1. Familiarize yourself with the call recording laws in your state. See here is a link to the Reporter’s Committee for Freedom of the Press, they keep up to date and you can find some good info there.
  2. If you’re in a two-party consent state, inform the other party of your intention to record the call.
  3. Use a reliable call recording app or device to ensure good audio quality.

For more practical advice on dealing with debt collectors and credit bureaus, check out our debt defense and coerced debt pages.

Real-Life Examples and Stories

Here are two stories that illustrate the importance of recording calls:

  1. John, a consumer in Texas, received a call from a debt collector who used abusive language and threatened legal action. John recorded the conversation, which later helped him prove the collector’s violation of the FCRA.
  1. Sarah, a Wisconsin resident, noticed inaccuracies on her credit report and called the credit bureau to dispute the errors. She recorded the conversation, during which the representative admitted to their mistake. This recording provided vital evidence when Sarah later decided to pursue legal action against the credit bureau for failing to correct her credit report.

These stories highlight how recording calls can serve as powerful evidence in consumer protection cases. To read more real-life examples and learn about our clients’ experiences, visit our blog.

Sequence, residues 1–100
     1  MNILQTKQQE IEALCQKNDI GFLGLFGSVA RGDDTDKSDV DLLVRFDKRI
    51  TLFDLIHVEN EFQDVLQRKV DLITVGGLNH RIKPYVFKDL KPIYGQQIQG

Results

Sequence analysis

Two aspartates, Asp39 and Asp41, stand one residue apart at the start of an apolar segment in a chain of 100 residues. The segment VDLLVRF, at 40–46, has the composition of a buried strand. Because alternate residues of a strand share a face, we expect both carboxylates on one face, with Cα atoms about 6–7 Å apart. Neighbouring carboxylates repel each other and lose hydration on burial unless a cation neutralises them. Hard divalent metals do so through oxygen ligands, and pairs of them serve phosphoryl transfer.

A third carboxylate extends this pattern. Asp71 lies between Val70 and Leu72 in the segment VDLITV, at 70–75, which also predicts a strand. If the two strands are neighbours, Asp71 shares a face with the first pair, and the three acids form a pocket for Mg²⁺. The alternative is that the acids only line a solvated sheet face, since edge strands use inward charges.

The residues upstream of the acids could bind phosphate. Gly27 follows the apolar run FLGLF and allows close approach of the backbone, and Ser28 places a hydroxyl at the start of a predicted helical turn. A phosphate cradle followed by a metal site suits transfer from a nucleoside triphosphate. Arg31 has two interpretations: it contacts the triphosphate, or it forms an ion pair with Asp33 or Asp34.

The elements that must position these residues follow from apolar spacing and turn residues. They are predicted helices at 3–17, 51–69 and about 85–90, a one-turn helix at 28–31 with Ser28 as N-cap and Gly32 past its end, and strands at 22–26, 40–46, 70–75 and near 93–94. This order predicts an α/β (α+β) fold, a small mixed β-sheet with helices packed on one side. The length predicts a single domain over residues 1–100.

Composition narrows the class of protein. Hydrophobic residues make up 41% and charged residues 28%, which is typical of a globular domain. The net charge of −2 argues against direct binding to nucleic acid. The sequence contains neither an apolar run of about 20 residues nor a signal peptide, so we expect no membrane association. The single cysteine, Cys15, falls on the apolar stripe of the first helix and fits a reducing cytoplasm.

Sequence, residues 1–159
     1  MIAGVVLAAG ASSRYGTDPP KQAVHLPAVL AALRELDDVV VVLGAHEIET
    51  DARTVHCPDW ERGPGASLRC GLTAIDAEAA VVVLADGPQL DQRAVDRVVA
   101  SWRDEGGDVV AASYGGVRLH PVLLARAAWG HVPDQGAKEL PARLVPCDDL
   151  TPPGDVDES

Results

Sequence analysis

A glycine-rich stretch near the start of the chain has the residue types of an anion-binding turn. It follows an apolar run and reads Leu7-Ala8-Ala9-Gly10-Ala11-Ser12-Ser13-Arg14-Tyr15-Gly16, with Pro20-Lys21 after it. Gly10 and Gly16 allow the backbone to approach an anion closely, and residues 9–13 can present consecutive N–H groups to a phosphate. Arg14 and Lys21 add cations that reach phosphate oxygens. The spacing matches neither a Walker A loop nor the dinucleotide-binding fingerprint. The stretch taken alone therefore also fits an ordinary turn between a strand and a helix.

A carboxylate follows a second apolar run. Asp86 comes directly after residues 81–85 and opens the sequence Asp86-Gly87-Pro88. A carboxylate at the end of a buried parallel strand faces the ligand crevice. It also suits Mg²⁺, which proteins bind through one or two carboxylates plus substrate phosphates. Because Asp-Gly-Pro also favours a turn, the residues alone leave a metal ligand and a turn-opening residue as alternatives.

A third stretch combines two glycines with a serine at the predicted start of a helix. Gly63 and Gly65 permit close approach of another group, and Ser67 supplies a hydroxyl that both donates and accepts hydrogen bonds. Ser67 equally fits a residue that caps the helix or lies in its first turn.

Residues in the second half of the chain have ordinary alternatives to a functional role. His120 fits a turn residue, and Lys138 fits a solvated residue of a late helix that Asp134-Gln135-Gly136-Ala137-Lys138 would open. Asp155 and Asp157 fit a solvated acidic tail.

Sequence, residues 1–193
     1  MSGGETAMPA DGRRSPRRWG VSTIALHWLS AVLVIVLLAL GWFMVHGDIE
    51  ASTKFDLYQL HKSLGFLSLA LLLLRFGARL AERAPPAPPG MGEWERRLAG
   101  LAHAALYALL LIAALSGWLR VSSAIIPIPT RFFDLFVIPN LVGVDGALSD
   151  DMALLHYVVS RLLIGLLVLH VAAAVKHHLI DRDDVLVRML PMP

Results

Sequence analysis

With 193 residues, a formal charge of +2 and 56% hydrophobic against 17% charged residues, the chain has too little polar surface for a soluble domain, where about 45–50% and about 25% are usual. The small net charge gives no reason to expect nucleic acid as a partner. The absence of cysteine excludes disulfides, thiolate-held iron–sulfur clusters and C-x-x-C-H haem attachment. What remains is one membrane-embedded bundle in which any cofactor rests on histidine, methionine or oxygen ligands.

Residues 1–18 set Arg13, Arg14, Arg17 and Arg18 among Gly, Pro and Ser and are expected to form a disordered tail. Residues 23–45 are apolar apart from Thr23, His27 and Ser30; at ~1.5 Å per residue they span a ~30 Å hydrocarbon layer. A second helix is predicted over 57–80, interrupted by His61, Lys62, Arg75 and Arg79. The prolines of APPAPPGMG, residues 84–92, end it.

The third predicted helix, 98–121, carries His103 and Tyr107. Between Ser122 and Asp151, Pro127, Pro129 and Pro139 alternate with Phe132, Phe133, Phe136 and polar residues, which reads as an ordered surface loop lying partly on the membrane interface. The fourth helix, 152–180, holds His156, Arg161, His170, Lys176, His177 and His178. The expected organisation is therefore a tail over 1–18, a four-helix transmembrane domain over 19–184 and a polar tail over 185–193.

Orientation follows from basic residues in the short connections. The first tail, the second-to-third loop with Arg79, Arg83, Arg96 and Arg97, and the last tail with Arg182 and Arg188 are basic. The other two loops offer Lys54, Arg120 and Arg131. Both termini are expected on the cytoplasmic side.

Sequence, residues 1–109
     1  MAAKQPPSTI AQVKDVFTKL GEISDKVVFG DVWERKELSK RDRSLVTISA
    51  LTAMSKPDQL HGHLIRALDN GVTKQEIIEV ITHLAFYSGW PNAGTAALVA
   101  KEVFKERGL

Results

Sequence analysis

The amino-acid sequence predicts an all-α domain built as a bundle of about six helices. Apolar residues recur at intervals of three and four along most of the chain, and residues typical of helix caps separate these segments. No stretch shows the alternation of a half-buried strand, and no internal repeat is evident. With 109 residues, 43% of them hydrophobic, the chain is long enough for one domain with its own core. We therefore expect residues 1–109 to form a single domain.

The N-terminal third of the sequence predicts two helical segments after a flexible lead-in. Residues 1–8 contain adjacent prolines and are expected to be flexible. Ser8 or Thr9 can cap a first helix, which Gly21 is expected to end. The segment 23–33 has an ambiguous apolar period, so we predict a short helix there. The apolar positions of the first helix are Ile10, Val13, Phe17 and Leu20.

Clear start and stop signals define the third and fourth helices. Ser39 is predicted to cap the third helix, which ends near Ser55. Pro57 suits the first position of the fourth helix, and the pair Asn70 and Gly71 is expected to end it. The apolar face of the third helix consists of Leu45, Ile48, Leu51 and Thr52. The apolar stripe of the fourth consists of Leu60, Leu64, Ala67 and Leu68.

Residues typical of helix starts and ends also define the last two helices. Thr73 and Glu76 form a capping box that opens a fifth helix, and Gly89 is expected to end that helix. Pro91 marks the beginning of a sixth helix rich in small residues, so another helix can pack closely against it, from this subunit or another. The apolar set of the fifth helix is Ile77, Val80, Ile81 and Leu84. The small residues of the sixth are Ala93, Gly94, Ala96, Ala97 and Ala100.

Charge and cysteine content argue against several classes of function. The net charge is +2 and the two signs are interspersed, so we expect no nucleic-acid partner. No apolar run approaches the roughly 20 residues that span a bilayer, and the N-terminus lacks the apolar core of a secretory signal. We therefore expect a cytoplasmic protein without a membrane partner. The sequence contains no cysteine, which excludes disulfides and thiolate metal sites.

Understanding the laws and best practices for recording telephone calls is crucial for consumers who want to protect their rights and build strong cases against debt collectors and credit bureaus. By knowing the difference between one-party and two-party consent states, following ethical guidelines, and using reliable recording methods, you can gather valuable evidence for your case.

At Clanton Law Office, we’re committed to helping consumers navigate the complexities of consumer protection law. If you have questions about recording calls, dealing with debt collectors, or credit reporting errors, don’t hesitate to contact us or schedule a consultation with our experienced team. We’re here to help you every step of the way.

TL;DR: This article discusses the importance of understanding call recording laws and best practices in the United States, particularly for consumers dealing with debt collectors and credit bureaus. It covers the differences between one-party and two-party consent states, the implications of businesses disclosing their intent to record calls, and the rights consumers have under the Fair Credit Reporting Act (FCRA) and related statutes. The article also offers tips on recording calls legally and ethically and shares real-life examples demonstrating the value of recorded calls as evidence in consumer protection cases.

About The Author

Bill Clanton

Over the years my office has helped thousands of consumers who were cheated, ripped-off, and mistreated by debt collectors, credit reporting agencies, banks, credit unions, and car dealers. If you have a problem with a business being dishonest with you give me a call. Iā€™d love to set them straight.